UK: Beer sales decline at slower rate
Published:  29 July, 2009

UK: The decline in beer sales seems to be slowing, with pub sales falling at a slower rate than supermarket sales, according to the UK Quarterly Beer Barometer published by the British Beer & Pub Association (BBPA).


 

The new figures show that UK beer sales dropped by 4.8 per cent in the second quarter of 2009.  This is less than the 8.3 per cent fall in the final quarter of 2008 and the 7.8 per cent drop in the first quarter of this year, indicating that the UK beer sector may be on the road to stabilising.

Beer sales in pubs are down 4.5 per cent compared to the second quarter in 2008. Pub beer sales fell 6.3 per cent in the first quarter of 2009 and 9.9 per cent in the last quarter of 2008.  

The 4.5 per cent fall means 4.2 million fewer pints were drunk each week in pubs during the second quarter compared with the same period in 2008.  In total, 54.6 million fewer pints were consumed in pubs in the second quarter of this year compared with last year.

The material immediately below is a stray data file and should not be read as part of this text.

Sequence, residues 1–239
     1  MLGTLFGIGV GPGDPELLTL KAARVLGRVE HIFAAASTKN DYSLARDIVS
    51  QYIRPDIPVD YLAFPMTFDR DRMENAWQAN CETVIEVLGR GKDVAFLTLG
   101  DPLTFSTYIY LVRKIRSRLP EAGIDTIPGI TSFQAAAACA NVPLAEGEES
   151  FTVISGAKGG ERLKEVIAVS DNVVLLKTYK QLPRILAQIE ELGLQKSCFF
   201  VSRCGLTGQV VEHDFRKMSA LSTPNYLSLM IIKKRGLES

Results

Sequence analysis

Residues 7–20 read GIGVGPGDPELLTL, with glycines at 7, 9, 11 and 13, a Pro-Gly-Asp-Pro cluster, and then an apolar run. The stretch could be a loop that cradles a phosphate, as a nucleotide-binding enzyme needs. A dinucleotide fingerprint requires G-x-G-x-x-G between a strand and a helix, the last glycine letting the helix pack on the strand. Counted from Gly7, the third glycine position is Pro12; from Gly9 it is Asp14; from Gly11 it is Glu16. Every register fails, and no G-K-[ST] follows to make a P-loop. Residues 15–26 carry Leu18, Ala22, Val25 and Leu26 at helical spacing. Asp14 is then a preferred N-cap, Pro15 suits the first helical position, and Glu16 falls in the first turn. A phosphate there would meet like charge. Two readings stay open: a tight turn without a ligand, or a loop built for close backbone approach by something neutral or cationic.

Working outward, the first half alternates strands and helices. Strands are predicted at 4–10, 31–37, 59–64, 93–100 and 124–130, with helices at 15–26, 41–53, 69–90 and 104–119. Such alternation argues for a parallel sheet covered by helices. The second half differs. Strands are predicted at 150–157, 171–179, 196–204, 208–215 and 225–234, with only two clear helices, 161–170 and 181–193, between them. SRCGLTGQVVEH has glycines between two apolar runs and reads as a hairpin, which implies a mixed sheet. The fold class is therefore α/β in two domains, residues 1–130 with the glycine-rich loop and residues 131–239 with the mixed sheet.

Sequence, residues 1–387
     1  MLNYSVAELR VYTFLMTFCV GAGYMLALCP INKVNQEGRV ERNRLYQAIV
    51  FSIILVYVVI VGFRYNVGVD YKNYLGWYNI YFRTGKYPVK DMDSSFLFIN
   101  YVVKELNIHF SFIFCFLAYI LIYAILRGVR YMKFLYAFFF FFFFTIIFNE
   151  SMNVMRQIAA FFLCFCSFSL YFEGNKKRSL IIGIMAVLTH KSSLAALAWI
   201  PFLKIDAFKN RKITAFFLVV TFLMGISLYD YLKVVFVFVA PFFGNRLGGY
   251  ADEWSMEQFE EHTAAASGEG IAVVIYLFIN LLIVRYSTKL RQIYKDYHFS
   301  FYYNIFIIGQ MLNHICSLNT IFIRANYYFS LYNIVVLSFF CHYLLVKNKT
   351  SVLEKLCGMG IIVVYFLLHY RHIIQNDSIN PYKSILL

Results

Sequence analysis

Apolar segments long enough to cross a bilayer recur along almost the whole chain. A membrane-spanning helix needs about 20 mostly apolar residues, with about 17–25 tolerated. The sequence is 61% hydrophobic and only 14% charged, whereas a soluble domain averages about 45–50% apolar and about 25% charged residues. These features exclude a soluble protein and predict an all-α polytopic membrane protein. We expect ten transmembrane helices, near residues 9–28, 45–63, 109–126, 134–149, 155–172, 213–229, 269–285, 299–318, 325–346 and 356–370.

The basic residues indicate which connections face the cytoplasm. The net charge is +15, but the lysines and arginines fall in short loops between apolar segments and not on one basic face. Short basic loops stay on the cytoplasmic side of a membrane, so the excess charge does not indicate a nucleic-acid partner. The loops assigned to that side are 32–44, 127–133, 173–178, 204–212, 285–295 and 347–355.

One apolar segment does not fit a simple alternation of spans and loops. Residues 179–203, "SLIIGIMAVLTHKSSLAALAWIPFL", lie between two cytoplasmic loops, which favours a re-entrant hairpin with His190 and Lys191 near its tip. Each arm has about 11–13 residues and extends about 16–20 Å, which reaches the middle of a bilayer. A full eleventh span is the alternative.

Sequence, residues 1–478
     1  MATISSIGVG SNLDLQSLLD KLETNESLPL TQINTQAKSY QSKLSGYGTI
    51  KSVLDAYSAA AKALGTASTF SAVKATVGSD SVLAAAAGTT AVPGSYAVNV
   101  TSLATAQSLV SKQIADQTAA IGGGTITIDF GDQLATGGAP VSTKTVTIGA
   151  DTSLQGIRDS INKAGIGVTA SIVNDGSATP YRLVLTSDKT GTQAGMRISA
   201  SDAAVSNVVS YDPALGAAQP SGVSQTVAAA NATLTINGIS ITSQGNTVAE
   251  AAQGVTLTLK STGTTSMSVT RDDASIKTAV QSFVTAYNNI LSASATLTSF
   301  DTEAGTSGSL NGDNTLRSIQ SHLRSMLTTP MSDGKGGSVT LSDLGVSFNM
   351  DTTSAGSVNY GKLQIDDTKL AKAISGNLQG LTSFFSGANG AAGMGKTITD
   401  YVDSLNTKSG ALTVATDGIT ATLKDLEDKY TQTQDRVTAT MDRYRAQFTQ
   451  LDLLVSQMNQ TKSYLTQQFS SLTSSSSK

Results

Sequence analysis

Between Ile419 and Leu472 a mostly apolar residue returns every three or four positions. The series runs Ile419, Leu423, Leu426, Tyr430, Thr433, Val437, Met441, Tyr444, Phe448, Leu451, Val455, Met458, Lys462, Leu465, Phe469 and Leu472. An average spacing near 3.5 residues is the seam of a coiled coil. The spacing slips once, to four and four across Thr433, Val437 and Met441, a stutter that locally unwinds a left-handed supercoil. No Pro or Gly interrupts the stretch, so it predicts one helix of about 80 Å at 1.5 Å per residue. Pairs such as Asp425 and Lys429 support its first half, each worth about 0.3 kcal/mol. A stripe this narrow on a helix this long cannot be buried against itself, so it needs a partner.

Supermarkets and off-licence sales are down 5.2 per cent this quarter compared with the same quarter in 2008 – the equivalent of 4.2 million pints each week. Beer sales in supermarkets and off-licences have now fallen at a faster rate than sales in pubs for two consecutive quarters.

These latest figures are further bad news for Government tax returns.  Government tax revenues from beer for the first half of the year are estimated to be down £156 million compared with the first six months of last year.

David Long, BBPA Chief Executive, said: “Whilst welcoming a slowing of the decline in beer sales, we are wary about reading too much into these early signs. However, the new figures give some ground for cautious optimism that some speck of faint light may be appearing at the end of the tunnel.

“Consumer spending on beer remains constrained in both pubs and supermarkets. Considerable economic uncertainty remains about the short and medium term. We must therefore remain careful not to take too much from what are still disappointing figures.”

Dr Long also highlighted the potential benefits for the wider economy of growth within the beer industry.

“The British beer and pub trade employs considerable numbers of people across the country, jobs that are vital to communities everywhere. We have the potential to be a strong engine of recovery for the wider economy and deliver benefits to communities, to tourism, to jobs and to Government revenues. We urge the Government to recognise this, reflect and reconsider its current plans for a VAT increase in January and a further beer tax increases in next year’s Budget.”




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Christian Davis

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